3400 LO­CAL DI­A­BET­ICS WHO DON’T KNOW IT

Could you be one of them? Here’s how to find out...

Fraser Coast Chronicle - - FRONT PAGE - Inge Hansen Inge.Hansen@fraser­coastchron­i­cle.com.au

FOUR times a day, ev­ery day for the past 27 years, Alan Roker has in­jected him­self with in­sulin.

At 48-years-old, the ex-po­lice of­fi­cer was di­ag­nosed with type 2 di­a­betes and is com­pletely in­sulin de­pen­dent.

It was only from a yearly med­i­cal exam while in the New Zealand force that the dis­ease was dis­cov­ered.

“I left the po­lice when I found out,” he said.

“I couldn’t do front­line be­cause if I was fight­ing and I had a hypo, when my blood sugar goes low, I can’t say ‘let’s stop fight­ing for a minute while I have my jelly beans’.”

Mr Roker is one of at least 6872 peo­ple with type 2 di­a­betes on the Fraser Coast ac­cord­ing to Di­a­betes Queens­land. How­ever, there is a fright­en­ing num­ber who could be walk­ing around com­pletely obliv­i­ous to their con­di­tion – 3400 to be ex­act.

It is be­lieved 7582 peo­ple on the Fraser Coast have di­a­betes.

On Mon­day, di­a­betes was brought to the fore­front for World Di­a­betes Aware­ness Day. Suf­fer­ing with an ul­cer on his foot and ex­posed nerve end­ings in his feet, Mr Roker was gut­ted to hear the num­bers.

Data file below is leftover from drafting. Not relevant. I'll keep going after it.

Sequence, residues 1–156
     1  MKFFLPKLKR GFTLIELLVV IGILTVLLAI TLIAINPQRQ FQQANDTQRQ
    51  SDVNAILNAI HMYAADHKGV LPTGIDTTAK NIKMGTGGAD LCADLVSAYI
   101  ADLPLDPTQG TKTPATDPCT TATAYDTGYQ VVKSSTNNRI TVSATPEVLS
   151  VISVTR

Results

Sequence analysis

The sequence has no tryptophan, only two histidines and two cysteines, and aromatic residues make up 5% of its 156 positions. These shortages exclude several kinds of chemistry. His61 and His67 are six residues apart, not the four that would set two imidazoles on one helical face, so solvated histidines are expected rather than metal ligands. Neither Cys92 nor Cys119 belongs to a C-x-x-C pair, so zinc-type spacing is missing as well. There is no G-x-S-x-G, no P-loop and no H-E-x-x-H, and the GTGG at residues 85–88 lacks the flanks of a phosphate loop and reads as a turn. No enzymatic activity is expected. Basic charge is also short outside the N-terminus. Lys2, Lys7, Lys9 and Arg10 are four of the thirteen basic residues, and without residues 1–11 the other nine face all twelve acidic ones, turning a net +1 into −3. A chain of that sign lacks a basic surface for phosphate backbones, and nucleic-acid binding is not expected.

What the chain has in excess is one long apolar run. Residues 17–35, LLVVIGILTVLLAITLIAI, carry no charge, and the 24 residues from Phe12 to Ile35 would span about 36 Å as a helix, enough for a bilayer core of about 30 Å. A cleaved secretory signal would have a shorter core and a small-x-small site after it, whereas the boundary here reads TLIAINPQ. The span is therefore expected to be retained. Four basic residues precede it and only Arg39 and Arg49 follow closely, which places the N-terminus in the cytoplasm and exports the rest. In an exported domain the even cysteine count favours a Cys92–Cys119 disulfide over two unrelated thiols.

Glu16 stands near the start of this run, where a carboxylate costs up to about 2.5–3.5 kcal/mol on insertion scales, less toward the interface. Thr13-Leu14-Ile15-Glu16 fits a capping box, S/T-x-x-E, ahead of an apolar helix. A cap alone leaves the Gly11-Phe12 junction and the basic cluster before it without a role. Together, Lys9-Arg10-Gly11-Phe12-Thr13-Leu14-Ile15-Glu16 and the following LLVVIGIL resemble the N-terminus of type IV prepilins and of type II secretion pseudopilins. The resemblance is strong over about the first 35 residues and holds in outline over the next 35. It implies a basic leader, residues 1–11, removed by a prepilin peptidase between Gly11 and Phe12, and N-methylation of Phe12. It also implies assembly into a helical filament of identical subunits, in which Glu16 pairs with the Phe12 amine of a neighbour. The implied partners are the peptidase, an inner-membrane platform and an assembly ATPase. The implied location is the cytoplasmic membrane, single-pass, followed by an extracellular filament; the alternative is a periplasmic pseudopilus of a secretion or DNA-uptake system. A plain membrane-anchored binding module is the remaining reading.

“That’s ter­ri­ble be­cause so many peo­ple, es­pe­cially the ones who de­velop type 2, can avoid it,” Mr Roker said.

The di­ag­no­sis was hard for Mr Roker to ac­cept, dub­bing him­self an “adren­a­line junkie”.

“Pre­vi­ously, years be­fore (the po­lice force) I was in the London fire bri­gade,” he said. “I just love the ac­tion but I had to calm down a lot.

“I can only re­late (di­a­betes) to an ath­lete who loses a leg.”

Di­vine Med­i­cal Cen­tre and La Divino Cos­metic and Skin Clinic owner Dr Sam­son Osed­im­i­le­hin said the wor­ry­ing num­bers were not just for the Fraser Coast.

He said that, in Aus­tralia, about one mil­lion peo­ple had type 2 di­a­betes, with a high preva­lence in Abo­rig­i­nal and Tor­res Strait Is­lander peo­ple.

“Peo­ple are eat­ing more re­fined prod­ucts when they used to eat more fruit and veg­eta­bles,” he said.

“The com­pli­ca­tions from di­a­betes are quite enor­mous.” He said if not di­ag­nosed early, di­a­betes could lead to chronic kid­ney dis­ease.

“More peo­ple are go­ing on dial­y­sis be­cause they don’t know they have it,” he said.

“Up to 50 per cent of di­a­betes pa­tients end up with chronic kid­ney dis­ease.”

Hav­ing treated an enor­mous num­ber of pa­tients with di­a­betes, Dr Sam said even as a doc­tor the ex­pe­ri­ence could be trau­matic, with am­pu­ta­tions needed for se­vere cases.

Mr Roker is part of a trial for the Free Style Li­bre – an elec­tronic way to check glu­cose with­out fin­ger prick­ing and he hopes to see more peo­ple able to af­ford the de­vice.

PHOTO: INGE HANSEN

IN­CUR­ABLE: Alan Roker uses his FreeStyle Li­bre to check his blood sugar lev­els to man­age his type 2 di­a­betes.

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